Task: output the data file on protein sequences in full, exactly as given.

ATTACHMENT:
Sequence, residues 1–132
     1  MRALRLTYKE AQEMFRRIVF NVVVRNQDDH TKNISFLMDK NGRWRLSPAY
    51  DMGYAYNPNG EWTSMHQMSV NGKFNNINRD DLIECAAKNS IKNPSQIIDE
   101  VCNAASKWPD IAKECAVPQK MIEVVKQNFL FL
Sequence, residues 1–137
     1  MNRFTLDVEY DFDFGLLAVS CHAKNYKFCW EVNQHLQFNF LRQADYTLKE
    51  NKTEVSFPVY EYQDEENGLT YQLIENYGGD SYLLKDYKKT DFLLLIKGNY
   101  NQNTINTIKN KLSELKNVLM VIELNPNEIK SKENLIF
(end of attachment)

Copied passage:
Sequence, residues 1–132
     1  MRALRLTYKE AQEMFRRIVF NVVVRNQDDH TKNISFLMDK NGRWRLSPAY
    51  DMGYAYNPNG EWTSMHQMSV NGKFNNINRD DLIECAAKNS IKNPSQIIDE
   101  VCNAASKWPD IAKECAVPQK MIEVVKQNFL FL
Sequence, residues 1–137
     1  MNRFTLDVEY DFDFGLLAVS CHAKNYKFCW EVNQHLQFNF LRQADYTLKE
    51  NKTEVSFPVY EYQDEENGLT YQLIENYGGD SYLLKDYKKT DFLLLIKGNY
   101  NQNTINTIKN KLSELKNVLM VIELNPNEIK SKENLIF